This observational study documents the effect of a lifestyle health education on weight.
The educational intervention consisted of 8 weekly meetings of 2 hours per week. Participants (n=252) watched a lecture by a mental health professional and contributed to a lifestyle discussion. Healthy lifestyle principles of nutrition (whole food plant-based diet), exercise, rest, bright light, sleep, and other lifestyle changes were encouraged. No physician-patient relationship was formed. Each participant began and ended the program by completing An 85-question survey called the Depression and Anxiety Assessment Test that uses a modified PHQ-9 (Patient Health Questionnaire) to evaluate levels of depression, demographics, self-reported height and weight, and other lifestyle characteristics. Depression and anxiety levels were classified by DSM-5 [The Diagnostic and Statistical Manual of Mental Disorders Volume 5].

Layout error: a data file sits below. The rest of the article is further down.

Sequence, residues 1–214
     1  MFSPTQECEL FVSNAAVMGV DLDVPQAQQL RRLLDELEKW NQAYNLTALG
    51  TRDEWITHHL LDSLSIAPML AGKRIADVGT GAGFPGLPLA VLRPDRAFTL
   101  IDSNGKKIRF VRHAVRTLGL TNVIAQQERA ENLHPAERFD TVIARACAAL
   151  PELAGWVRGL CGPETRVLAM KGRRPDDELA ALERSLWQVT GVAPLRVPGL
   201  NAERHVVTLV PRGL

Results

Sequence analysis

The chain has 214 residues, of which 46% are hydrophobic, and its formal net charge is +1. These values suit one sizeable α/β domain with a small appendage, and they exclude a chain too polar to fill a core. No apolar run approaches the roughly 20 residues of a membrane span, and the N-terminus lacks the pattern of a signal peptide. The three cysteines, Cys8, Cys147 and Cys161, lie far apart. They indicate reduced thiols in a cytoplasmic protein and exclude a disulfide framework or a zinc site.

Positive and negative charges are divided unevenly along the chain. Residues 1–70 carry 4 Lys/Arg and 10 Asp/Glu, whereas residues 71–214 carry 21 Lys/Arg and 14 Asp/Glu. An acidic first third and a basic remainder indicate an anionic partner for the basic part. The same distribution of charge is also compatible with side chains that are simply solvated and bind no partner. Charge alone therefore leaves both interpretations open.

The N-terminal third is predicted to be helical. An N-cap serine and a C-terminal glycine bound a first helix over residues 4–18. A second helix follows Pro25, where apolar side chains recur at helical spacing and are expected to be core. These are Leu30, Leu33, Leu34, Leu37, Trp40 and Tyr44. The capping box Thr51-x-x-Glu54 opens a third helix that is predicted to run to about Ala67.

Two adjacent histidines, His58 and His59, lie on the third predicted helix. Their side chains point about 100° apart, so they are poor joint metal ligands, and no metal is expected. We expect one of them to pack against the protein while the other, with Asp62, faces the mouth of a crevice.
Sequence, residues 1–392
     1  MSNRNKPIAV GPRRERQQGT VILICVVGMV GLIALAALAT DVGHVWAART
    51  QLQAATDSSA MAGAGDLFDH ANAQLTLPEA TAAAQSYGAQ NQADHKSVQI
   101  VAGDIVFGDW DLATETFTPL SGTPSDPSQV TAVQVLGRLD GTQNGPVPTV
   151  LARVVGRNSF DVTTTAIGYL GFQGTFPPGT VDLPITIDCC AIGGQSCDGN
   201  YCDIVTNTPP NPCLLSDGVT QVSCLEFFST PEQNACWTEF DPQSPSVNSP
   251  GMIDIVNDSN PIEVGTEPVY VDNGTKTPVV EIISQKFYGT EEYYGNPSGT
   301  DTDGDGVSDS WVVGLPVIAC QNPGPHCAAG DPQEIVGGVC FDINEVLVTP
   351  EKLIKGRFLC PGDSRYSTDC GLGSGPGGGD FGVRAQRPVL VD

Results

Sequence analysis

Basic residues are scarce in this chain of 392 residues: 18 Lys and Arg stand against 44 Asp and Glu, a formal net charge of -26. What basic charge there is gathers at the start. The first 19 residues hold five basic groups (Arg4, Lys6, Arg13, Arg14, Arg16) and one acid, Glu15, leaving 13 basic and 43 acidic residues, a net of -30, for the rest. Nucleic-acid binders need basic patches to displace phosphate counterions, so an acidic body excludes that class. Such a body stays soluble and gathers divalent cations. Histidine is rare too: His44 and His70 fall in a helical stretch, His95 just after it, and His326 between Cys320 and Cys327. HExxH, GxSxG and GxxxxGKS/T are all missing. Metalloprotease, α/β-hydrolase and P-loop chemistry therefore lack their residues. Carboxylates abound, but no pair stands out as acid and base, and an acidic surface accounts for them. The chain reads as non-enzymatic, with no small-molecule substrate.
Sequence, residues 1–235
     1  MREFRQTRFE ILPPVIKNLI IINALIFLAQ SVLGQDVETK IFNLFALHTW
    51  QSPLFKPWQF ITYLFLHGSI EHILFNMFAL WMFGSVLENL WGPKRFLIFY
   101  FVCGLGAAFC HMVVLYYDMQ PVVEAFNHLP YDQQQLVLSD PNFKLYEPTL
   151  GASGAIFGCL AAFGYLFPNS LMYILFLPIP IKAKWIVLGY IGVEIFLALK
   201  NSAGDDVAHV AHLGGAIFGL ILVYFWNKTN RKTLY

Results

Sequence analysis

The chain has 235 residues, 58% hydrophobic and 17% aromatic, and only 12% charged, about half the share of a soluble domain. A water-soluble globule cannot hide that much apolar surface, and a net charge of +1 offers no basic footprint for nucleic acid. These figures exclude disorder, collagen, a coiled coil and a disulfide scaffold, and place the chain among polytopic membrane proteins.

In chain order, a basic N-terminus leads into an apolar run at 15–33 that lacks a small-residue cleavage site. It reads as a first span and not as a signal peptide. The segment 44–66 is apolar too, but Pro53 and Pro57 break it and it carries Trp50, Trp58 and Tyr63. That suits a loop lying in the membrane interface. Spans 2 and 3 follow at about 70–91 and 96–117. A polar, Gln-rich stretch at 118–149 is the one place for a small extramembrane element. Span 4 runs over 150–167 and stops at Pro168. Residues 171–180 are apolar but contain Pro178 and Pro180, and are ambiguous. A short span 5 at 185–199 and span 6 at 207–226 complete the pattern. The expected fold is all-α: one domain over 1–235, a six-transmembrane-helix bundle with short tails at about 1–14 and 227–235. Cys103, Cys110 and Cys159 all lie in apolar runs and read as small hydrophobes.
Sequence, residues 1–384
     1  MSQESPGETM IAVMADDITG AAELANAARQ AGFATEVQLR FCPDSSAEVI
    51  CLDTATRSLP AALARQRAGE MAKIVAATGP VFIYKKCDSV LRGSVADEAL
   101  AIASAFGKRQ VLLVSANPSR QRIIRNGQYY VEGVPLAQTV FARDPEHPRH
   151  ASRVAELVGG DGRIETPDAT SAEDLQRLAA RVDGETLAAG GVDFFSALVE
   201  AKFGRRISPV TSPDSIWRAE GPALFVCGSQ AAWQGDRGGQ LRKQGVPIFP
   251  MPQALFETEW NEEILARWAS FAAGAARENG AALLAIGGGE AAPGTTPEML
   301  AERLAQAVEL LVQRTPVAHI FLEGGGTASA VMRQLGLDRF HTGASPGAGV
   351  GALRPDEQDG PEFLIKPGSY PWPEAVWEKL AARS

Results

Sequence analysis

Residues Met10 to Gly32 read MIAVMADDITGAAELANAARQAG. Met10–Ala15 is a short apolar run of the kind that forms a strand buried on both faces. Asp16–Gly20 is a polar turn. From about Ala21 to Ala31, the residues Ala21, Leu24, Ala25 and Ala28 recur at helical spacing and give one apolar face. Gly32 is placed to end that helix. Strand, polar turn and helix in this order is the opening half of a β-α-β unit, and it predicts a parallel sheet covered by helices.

A mean weight loss of 0.43kg (t: 1.88, p < 0.03) by the end of the intervention was experienced by the n=252 participants studied. When participants were divided by BMI category, and it was evaluated the baseline and end BMI a pattern emerged. Those with normal BMI maintained or gained a little bit of weight (mean difference: < 0.2kg). However, obese (BMI > 30) individuals lost more weight, losing an average of 1.21kg (t: 1.92, p < 0.03). The obese participants also reported increase improved sleeping patterns by the end of the intervention.
Lifestyle educational interventions cased weight loss among the obese without risking weight loss among normal or underweight people. Sleep was also improved.